LONDON (Reuters) - China and other emerging economies will drive global steel production to new records this year, said Ian Christmas, director general of the World Steel Association.
Even though monetary tightening measures may curb growth in China and other emerging countries, steel production in these regions will continue to outpace output from developed economies, he told a session of the Reuters Global Mining and Steel Summit on Wednesday.
“Some people I spoke to today talked about softening of the market here, but the reality is that there is still a pretty strong growth (forecast) for steel,” Christmas said by telephone from Beijing.
“There is no doubt that as the Chinese economy matures there will be some slowdown in the steel growth and steel intensity, but we have been saying that for a few years now and it is yet to occur. We are talking about numbers of 5, 6, 7 percent growth in China,” he said.
Asia’s mills led the world’s crude steel production rate to a new record in February, the World Steel Association (Worldsteel) said on Monday, as demand from economic recovery gathered pace.
While the world’s top steel producer thrives, the world’s second-largest producer, Japan, is starting to assess the damages caused by the earthquake and tsunami, which hit the country earlier this month.
Some of the country’s major steel plants were directly affected by the natural disaster, and some others had to halt production due to power cuts.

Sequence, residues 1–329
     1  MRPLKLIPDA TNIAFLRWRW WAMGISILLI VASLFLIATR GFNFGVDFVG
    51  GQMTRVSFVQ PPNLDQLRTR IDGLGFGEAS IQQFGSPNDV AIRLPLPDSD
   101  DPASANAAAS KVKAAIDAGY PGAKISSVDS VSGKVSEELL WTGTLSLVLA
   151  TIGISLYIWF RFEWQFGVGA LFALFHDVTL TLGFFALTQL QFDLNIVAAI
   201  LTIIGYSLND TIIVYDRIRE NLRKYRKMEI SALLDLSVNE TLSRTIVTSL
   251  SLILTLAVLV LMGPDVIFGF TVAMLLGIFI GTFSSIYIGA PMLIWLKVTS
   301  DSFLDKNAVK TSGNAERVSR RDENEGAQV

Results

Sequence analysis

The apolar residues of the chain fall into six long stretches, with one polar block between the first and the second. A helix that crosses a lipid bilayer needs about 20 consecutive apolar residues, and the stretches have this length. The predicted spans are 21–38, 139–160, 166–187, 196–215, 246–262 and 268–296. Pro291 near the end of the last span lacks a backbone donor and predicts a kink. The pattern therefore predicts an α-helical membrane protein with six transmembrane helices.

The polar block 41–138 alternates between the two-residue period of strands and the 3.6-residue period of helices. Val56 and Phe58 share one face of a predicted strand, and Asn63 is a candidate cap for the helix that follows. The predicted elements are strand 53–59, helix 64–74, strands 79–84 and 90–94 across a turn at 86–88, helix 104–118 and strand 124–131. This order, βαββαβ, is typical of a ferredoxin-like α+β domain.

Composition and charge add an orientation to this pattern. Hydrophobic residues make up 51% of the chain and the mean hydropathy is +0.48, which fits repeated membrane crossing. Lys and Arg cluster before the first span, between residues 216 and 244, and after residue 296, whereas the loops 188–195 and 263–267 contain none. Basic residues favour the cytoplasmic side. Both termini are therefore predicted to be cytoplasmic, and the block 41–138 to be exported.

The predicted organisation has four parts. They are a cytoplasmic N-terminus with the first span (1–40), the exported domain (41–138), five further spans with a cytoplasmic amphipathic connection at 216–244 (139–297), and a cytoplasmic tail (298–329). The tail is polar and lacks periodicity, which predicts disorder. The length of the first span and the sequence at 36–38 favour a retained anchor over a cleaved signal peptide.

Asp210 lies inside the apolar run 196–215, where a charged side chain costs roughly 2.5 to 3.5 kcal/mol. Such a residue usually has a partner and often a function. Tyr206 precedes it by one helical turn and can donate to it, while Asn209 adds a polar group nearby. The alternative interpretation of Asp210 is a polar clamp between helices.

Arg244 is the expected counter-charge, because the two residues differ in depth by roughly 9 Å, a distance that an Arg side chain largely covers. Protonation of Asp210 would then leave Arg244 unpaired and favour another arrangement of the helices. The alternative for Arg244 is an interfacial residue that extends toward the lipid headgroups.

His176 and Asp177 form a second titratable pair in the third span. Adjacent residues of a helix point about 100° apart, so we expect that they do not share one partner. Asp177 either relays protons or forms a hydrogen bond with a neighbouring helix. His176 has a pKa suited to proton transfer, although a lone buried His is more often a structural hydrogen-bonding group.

Despite the destruction, the Japanese steel industry is likely to go back to pre-recession steel production soon, said the Worldsteel director general.
“The Japanese are pretty resourceful people ... so I suspect relatively quickly supply issues will be resolved. So I am an optimist about the consequences for economic growth,” Christmas said.
Imports to the country are unlikely to rise, because domestic demand will be lower in the short term as the domestic manufacturing industry is affected by power cuts.
Japan’s steel exports are likely to be hurt, however, and producers in other parts of Asia may fill the supply gap left by the Japanese steel industry, if they can reach similar quality standards, Christmas said.
The Japan steel industry is leading the way in terms of consolidation, he said.
Nippon Steel, the world’s fourth-largest steel producer, and Sumitomo Metal Industries Ltd, Japan’s third-largest steelmaker, submitted a draft proposal for a planned merger to Japan’s antimonopoly watchdog last week.
“Of course the weak profitability of the companies (during the recession) meant that no one has been able to make acquisitions. But I am convinced that mergers will be back,” Christmas said adding that consolidation will speed up, especially in China.
“We will see emerging in five years some very large and important steelmakers in the world.”
Editing by Jane Baird